analysed from the same site. Replicates can be used to check for
                                                                                 Sub-catchment – If a catchment is defined as the land area that drains
     either precision or representativeness in sampling.
                                                                                 to a particular stream, a sub-catchment is the land area that drains to
     Representativeness – How well a measurement represents the overall          one of its tributaries.
     condition of the stream. It is typically affected by where you sample
                                                                                 Taxon (plural taxa) – A group of related organisms that are classified
     in your stream. For example, water quality measurements are more
                                                                                 together, i.e. they are thought of as a unit. “Low” taxa are grouped
     representative when they are taken in the main flow of the stream.
                                                                                 together to form higher taxa. For example, several species can be
     Reproducibility – Where two different people or agencies, working           grouped within a genus, several genera can be grouped within a family,
     independently, get similar results. Reproducibility implies (but does not   several families can be grouped within an order. A taxon could be an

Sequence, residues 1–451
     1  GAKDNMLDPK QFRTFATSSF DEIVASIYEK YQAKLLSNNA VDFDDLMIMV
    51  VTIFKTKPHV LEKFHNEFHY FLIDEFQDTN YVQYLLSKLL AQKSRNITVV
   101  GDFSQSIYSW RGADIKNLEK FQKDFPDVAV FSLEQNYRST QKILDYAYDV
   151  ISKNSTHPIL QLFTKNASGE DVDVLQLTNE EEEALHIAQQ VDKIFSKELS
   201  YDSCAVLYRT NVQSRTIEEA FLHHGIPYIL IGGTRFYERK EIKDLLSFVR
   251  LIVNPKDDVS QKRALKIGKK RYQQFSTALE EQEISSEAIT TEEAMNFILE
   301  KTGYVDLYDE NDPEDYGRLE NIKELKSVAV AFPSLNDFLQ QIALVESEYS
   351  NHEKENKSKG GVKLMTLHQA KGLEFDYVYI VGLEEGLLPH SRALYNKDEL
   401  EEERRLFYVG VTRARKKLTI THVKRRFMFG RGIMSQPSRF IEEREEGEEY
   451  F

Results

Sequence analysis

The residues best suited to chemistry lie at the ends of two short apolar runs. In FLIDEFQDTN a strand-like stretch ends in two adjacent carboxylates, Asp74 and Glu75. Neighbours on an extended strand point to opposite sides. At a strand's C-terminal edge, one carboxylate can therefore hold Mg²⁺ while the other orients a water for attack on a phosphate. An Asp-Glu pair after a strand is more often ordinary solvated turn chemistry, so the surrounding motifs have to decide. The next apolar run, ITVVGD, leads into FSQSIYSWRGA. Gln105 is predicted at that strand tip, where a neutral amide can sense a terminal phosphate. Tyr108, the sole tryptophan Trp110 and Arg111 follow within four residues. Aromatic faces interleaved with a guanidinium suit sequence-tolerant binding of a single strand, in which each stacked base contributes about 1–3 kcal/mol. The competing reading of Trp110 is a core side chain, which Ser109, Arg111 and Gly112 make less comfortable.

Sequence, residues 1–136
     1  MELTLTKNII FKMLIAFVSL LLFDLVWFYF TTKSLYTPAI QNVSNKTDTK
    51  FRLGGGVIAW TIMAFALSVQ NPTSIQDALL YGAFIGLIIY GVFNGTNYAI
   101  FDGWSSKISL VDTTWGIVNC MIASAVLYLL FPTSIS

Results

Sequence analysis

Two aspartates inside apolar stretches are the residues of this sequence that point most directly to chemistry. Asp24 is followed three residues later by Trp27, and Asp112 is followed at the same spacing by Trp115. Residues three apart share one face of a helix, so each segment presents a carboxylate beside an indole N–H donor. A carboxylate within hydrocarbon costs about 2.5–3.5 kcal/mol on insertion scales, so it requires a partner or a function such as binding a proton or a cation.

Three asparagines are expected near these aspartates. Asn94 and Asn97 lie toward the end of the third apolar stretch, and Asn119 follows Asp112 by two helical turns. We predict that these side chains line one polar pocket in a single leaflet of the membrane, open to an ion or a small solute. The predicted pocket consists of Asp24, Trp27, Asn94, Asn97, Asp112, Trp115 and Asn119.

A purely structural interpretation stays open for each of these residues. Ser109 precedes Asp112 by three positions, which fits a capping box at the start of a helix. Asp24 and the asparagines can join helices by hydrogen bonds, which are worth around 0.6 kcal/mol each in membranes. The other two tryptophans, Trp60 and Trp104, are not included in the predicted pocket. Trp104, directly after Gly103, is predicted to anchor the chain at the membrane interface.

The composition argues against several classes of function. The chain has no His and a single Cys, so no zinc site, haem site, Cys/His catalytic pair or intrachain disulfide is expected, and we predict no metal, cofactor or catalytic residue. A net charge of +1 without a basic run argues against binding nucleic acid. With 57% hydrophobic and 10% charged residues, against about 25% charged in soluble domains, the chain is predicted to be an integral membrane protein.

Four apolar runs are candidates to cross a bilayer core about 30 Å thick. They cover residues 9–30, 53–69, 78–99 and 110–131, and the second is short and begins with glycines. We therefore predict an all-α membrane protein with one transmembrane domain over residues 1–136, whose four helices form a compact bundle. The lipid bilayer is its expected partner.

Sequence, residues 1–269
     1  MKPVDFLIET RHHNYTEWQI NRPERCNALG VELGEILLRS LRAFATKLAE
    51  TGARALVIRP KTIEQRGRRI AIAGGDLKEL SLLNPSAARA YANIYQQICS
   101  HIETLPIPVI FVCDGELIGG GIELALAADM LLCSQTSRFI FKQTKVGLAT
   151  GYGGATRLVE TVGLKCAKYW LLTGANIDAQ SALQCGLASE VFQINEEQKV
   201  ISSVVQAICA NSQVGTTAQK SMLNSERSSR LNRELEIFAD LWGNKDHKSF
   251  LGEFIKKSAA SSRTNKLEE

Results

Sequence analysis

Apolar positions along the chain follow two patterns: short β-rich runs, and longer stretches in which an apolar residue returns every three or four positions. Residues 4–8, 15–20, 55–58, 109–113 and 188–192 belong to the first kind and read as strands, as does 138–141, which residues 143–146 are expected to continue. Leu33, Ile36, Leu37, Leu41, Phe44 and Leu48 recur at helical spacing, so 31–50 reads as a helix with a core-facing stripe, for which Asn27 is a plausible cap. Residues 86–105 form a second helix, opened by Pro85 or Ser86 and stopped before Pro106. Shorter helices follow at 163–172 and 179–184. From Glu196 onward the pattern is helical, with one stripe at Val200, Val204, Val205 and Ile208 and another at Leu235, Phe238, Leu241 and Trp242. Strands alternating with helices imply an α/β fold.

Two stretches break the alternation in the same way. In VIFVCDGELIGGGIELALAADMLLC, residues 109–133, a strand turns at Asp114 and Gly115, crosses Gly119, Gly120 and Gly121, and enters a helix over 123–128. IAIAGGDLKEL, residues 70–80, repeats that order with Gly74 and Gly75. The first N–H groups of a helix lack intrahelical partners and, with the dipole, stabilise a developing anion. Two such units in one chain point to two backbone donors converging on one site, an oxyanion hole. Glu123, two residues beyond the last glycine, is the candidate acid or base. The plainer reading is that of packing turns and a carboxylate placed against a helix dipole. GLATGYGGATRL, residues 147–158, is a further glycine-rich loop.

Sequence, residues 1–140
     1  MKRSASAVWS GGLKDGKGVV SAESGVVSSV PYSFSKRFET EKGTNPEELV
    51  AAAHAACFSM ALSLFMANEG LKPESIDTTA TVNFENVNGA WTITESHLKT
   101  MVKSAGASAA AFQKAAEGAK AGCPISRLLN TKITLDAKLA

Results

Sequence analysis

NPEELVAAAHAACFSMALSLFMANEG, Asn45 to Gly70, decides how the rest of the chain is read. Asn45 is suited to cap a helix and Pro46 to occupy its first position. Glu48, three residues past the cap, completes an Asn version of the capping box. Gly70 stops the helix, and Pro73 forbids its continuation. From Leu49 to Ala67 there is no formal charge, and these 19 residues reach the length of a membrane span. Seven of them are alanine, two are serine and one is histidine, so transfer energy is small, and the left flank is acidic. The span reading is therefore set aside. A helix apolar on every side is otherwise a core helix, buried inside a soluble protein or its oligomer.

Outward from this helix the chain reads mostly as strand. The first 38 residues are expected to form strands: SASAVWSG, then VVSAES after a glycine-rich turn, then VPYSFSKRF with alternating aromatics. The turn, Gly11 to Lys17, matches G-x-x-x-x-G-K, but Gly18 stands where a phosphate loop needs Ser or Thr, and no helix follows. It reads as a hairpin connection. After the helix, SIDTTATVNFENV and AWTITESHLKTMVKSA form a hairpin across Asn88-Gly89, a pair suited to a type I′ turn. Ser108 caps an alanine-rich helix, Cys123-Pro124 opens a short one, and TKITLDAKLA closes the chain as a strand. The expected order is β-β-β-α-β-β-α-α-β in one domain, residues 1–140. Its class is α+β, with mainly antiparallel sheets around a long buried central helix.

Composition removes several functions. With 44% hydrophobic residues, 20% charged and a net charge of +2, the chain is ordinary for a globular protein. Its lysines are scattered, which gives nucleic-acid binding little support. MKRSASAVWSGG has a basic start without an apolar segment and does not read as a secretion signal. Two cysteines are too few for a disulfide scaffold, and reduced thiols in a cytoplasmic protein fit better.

quite prove) accuracy. Where accuracy cannot be assessed (e.g. most         informal grouping that is not strictly scientific, e.g. “flat mayflies” in
     field situations), reproducibility is the next best thing.                  SHMAK.
     Resolution – The ability of a method or instrument to show different        Tributary – A stream that flows into a larger stream or lake. A tributary
     levels of an indicator (e.g. small differences in temperature).             does not flow directly into the ocean.
     Riffle – A shallow, fast-flowing area of the stream where the water         Turbidity – A measure of the relative clarity of water. Water with high
     surface is broken by ripples or small waves as the water flows over a       turbidity is cloudy (or turbid) while water with low turbidity is clear.
     rough bed.                                                                  Typically measured in nephelometric turbidity units (NTU).
     Right bank (or true right bank) – The bank of a stream on your right        Variable – See indicator.
     when you are facing downstream.
                                                                                 Wadeable – A stream that is shallow enough to be waded across
     Riparian zone – The margin of a stream (or lake) that includes the          safely at normal flows. This is normally about knee-deep at moderate
     banks and the land up to about 20 m from the water’s edge. Riparian         current speed, but could be waist-deep in very slow flow.
     zones represent the transition between land and water habitats. They
     are often rich in biodiversity and have a particularly strong influence
     on the stream or lake. They are often regarded as part of the aquatic
     ecosystem, although they are above water.

                                                                                                                                      Summer 2019–2020

                   Many people have contributed to the development and success of
                   SHMAK over the past twenty years. However, it has been the time and
                   effort contributed by the many volunteers to improving stream health